The 42 proposed wilderness areas described in the following pages encompass the wild heart of Utah's Basin and Range and Colorado Plateau regions. Twenty-one of these areas are divided into subunits separated by narrow road corridors. (Precedent for this clustering is found in wilderness legislation enacted previously by Congress.) Narrative overviews of each area discuss its ecological significance and management history. Each unit has a more detailed listing of its physical and biological features and the BLM and Utah Wilderness Coalition proposals.

This book does not attempt to be a hiker's or floater's guide (many published guides are available), but the maps, photos, and text ought to suggest a great many places to explore. We have made every effort to ensure the accuracy of our wilderness proposals by field-checking boundaries and researching BLM files. However, further incursions into some wild areas have occurred since our most recent field visits. The BLM does not notify citizens of new road construction or other development activities outside of its own wilderness study areas. Thus, minor boundary modifications (or, to the extent possible, restoration work) may be necessary where recent development has occurred within our proposal. Such intrusions only demonstrate the need for legal protection of wild areas under the Wilderness Act.

Although we fault the BLM's leadership for succumbing to industry's pressure to minimize wilderness recommendations, the BLM's field staff collected a great deal of basic information that we used in our analysis. Often the BLM's field data support conclusions opposite from those reached by the agency's leaders. Frequent reference is thus made to the seven-volume, 2,700-page draft environmental impact statement the BLM published in 1986. The final version of that document is expected to be published sometime in 1990. We have added advance information on the BLM's final proposal to the text.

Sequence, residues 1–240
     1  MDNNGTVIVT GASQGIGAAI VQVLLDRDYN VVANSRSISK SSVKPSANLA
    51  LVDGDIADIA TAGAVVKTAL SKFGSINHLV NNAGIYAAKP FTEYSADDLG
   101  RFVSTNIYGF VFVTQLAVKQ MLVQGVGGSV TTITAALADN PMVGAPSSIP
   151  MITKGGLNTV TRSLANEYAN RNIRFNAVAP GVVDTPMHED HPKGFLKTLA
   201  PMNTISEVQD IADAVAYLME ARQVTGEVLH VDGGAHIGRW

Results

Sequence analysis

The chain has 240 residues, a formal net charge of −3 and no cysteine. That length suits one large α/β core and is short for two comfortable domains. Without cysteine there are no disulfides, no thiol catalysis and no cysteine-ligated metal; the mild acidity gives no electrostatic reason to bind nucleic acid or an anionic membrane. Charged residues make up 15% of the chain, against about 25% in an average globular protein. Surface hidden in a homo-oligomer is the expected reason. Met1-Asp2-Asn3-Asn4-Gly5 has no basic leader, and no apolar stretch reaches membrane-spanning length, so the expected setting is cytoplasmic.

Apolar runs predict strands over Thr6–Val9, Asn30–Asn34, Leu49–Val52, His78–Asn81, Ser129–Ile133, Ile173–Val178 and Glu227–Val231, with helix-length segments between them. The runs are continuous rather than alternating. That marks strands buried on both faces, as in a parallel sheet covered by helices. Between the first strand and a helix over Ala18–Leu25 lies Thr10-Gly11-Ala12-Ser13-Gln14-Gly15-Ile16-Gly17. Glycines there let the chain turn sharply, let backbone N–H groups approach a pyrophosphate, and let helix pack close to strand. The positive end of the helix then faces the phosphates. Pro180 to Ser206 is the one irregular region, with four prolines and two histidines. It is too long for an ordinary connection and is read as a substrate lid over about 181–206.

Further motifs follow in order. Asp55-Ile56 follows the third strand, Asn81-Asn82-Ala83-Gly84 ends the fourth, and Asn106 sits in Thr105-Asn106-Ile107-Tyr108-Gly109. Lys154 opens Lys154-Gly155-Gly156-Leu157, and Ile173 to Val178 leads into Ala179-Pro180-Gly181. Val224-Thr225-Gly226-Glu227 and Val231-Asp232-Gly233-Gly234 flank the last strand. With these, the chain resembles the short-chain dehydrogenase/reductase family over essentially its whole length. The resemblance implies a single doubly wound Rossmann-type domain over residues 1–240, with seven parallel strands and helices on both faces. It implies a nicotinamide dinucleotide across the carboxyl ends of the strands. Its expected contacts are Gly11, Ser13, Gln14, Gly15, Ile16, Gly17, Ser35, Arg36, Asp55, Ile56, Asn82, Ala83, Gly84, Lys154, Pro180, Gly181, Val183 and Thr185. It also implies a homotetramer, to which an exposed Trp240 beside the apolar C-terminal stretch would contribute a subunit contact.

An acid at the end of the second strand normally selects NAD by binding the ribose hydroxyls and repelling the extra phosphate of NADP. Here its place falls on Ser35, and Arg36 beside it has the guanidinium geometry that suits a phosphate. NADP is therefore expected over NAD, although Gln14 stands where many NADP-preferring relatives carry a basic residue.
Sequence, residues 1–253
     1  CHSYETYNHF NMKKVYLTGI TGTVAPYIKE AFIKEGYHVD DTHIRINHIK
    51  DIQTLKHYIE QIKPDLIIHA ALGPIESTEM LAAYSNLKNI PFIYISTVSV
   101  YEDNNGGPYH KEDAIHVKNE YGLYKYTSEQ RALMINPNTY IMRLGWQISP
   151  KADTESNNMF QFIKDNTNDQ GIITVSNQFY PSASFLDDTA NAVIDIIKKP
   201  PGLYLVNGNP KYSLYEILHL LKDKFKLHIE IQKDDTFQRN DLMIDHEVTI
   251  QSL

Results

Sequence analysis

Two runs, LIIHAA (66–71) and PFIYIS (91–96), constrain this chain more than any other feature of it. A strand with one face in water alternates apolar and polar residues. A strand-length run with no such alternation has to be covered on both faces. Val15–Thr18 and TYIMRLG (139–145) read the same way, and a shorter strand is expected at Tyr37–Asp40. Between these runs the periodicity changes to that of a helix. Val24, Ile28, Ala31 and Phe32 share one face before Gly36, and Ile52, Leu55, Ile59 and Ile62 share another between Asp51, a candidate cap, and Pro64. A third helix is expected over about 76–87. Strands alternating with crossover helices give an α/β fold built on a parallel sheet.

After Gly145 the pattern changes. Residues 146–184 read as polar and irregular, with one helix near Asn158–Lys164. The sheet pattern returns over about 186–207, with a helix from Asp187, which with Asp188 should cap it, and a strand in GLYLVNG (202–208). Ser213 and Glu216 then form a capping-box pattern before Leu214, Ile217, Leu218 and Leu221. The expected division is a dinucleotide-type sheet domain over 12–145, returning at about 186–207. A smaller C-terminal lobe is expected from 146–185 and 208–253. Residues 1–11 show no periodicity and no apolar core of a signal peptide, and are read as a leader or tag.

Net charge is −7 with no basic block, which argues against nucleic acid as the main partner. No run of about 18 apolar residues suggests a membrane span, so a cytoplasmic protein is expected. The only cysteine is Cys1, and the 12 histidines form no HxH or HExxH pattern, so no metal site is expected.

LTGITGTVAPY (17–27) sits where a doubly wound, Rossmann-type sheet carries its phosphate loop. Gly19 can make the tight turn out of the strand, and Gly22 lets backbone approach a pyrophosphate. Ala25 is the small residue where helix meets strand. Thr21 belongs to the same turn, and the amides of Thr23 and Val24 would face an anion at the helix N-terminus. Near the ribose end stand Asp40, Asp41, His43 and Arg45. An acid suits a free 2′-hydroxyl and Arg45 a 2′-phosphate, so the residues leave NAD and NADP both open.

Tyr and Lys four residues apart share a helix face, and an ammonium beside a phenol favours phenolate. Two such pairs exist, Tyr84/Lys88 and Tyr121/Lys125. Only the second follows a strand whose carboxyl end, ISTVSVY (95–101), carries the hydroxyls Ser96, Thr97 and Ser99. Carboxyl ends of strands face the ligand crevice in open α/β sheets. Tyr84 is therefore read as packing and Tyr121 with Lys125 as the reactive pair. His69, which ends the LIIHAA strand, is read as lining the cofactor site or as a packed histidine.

Despite a decade of fieldwork -- our own and the BLM's -- there is still a great deal waiting to be discovered about the lands in our proposal. Which contain rare plants that could offer medicinal uses or new scientific knowledge? Which shelter prehistoric artifacts not yet wrecked by vandals? Which areas are critical wildlife habitat, and which are essential for the health of whole ecosystems? If we preserve the wilderness, we preserve more than outstanding scenery and backcountry recreation. We preserve the answers to those fundamental ecological questions.

Indeed, our own fieldwork since 1985 (when we first presented our proposal to the public) has indicated that there are additional BLM wild lands in Utah that deserve to be protected. We have added undeveloped lands at the edges of many units where our recent fieldwork indicated that human intrusions were minor. We have also added two small units (Nipple Bench in the Kaiparowits Plateau and Wild Mountain on the Colorado-Utah border near Dinosaur National Monument.) As Ray Wheeler explains in the preceding section, these additions, along with more accurate computer-generated acreage calculations, bring our total Utah BLM wilderness proposal to 5.7 million acres, up from 5.1 million acres in 1985. (Like the BLM, we do not include State lands in our acreage totals, although many State sections should eventually be incorporated into these wilderness areas.)

There has been much debate in Utah about how many acres of BLM wilderness should be protected. For too long this debate has focused on numbers instead of on the land. Acreage tallies -- whether the BLM's or ours -- only obscure the qualities of individual wild areas. You will find in the pages that follow an emphasis on the land itself, not on acreages.

Edward Abbey once wrote that "the idea of wilderness needs no defense. It only needs more defenders." Increasingly, however, it needs both. We hope that our descriptions of these wild lands will help you come to their defense with knowledge and with enthusiasm.

Fred Swanson